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Broadband Speed — It’s All About Where You Live & What Provider You Live With

Phillip Dampier August 27, 2009 Broadband Speed, Recent Headlines, Rural Broadband 12 Comments

Less than half of Americans surveyed by PC Magazine report they are very satisfied with the broadband speed delivered by their Internet service provider.

PC Magazine released a comprehensive study this month on speed, provider satisfaction, and consumer opinions about the state of broadband in their community.

The publisher sampled more than 17,000 participants, checking their actual broadband speeds, and questioned them about their overall satisfaction with their online access.

The findings indicate consumers live with what provider they can get.  Even lower rated providers scored “satisfactory,” in part because consumers don’t have many choices with which to compare.

ispsatis

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In the war between coaxial cable modem vs. copper wire DSL technology-of-the-1990s battle, PC Magazine declared the cable industry the winner, consistently delivering faster speeds more reliably than possible with telephone company DSL.  Overall, the average cable speed was “688 Kbps, while the average DSL lets you surf at just 469 Kbps—cable connections, on average, are 47 percent faster.”  Those speed measurements are based on actual web page and content delivery, not on marketed available speed.

In fact, users rated DSL an unsatisfying service, with only 20% of rural and suburban customers very impressed with DSL.  But for many who have no other choice, 50% think it’s good enough.

Or better than nothing.

One DSL provider did extremely well speed-wise in PC Magazine‘s survey, however.  Frontier Communications was rated as the fastest DSL provider in the nation, averaging “real-world” speeds of 724 Kbps, according to the survey.  But even they could only score a 20% customer satisfaction rating, with 30% dissatisfied.

There was one technology that did much, much worse.  Satellite broadband, the last possible choice for many Americans between dial-up and going without, is provided by companies like HughesNet and WildBlue, and they are unmitigated disasters in consumers’ eyes.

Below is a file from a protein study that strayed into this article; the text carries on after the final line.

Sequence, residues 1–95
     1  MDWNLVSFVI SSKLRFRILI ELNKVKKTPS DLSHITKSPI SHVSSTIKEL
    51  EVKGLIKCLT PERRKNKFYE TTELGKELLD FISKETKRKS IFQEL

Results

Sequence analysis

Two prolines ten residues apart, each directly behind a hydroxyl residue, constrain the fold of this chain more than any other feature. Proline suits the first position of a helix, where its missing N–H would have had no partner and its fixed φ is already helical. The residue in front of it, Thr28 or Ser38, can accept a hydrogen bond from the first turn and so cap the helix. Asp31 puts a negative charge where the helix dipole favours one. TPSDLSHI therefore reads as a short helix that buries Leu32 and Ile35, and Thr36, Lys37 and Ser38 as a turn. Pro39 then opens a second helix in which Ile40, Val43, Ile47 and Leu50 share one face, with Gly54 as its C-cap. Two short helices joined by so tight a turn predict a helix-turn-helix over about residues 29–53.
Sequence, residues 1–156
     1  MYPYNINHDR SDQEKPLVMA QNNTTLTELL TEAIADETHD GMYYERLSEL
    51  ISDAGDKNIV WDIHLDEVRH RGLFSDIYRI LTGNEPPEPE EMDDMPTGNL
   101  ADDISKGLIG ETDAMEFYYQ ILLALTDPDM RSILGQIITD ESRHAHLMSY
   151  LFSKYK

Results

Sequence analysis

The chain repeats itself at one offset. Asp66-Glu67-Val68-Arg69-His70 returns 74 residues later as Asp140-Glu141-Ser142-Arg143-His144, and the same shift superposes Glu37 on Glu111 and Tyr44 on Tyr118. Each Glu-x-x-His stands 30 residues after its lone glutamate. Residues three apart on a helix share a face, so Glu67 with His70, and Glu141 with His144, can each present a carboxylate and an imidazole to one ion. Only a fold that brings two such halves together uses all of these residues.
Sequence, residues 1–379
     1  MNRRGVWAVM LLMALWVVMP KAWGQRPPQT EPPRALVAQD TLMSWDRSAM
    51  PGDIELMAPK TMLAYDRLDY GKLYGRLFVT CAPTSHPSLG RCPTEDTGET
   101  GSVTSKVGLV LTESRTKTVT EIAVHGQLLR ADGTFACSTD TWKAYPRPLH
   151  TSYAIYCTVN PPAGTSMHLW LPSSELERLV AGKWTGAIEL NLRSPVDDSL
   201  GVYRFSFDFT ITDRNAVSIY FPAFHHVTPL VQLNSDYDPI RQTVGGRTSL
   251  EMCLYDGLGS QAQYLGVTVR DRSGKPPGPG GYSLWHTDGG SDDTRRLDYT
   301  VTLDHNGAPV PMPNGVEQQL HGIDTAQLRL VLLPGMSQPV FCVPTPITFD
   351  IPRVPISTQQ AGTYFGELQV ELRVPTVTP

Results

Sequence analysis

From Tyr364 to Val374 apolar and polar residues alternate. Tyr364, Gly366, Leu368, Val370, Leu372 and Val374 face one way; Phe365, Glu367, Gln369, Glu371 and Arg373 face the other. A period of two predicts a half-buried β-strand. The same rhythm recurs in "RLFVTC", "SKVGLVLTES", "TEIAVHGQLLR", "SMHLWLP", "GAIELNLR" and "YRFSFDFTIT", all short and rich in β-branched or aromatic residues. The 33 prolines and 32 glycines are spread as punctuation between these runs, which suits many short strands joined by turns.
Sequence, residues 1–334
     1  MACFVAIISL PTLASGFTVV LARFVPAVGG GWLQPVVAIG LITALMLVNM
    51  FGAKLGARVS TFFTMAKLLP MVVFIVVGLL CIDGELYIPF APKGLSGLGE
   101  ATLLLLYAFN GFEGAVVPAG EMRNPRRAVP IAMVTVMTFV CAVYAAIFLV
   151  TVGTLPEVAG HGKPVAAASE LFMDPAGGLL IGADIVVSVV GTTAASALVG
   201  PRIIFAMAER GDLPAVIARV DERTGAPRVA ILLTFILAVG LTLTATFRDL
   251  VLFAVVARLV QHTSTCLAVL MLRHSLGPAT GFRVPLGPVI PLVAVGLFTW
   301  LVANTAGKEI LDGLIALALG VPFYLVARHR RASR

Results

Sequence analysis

Just 6% of Hughes customers were satisfied, with a whopping 74% dissatisfied.  That’s because satellite broadband is extremely slow, averaging just 145 Kbps, heavily capped, and very expensive.  But for some rural Americans who live too far away from their local phone company central office, and will never see cable television, it’s likely their only choice.  Even mobile broadband signals won’t reach many of these consumers.

So what is the good news from all of this?  There is one technology that, hands-down, beats all of the rest — fiber optics to the home.  The nation’s top-rated ISP in PC Magazine’s survey is Verizon FiOS, with 71% satisfied, and just 6% dissatisfied.  Other fiber optic providers, mostly smaller local, regional, or municipal systems, scored 61% satisfaction.  Just one cable company matched that rating – Cablevision’s Optimum Online.

AT&T, with a combination of DSL and their newer U-verse platform, did considerably worse, with 38% satisfied and 24% dissatisfied.

Clearly, subscriber satisfaction comes highest from fiber optic broadband.

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In statewide rankings, it all boils down to where you live.  The more populated states and those with large cities often scored higher than those with lots of wide open rural areas.  The larger the community you live in, the better the chance for fast, quality service.  In states like Wyoming or South Dakota, where more than 57% of customers reported dissatisfaction, it’s more about living with what you’re stuck with.


Currently there are 12 comments on this Article:

  1. Papa Midnight says:

    HughesNet has the highest dissatisfaction rating. Why is that not surprising?

  2. jr says:

    We have third world internet speeds while pretending to be a first world nation

  3. Ian L says:

    I wouldn’t go so far as to say we have third world speeds. By the end of this year the vast majority of Comcast customers will have 50/10 service available to them, with 22/5 available for a decent price and 12/2 available for a reasonable one.

    Then there are the areas covered by Cablevision, FiOS and non-Verizon fiber projects.

    Though you’re right, in areas that don’t have DOCSIS 3 or fiber speeds aren’t where they should be, though I wouldn’t exactly call 20 Mbps down/1.5 up (InsightBB) or 15/2 (Time Warner Cable near me) third-world. Just lame, considering that with a per-customer upgrade similar in cost to the cost of a wireless router everyone could get upgraded to DOCSIS 3.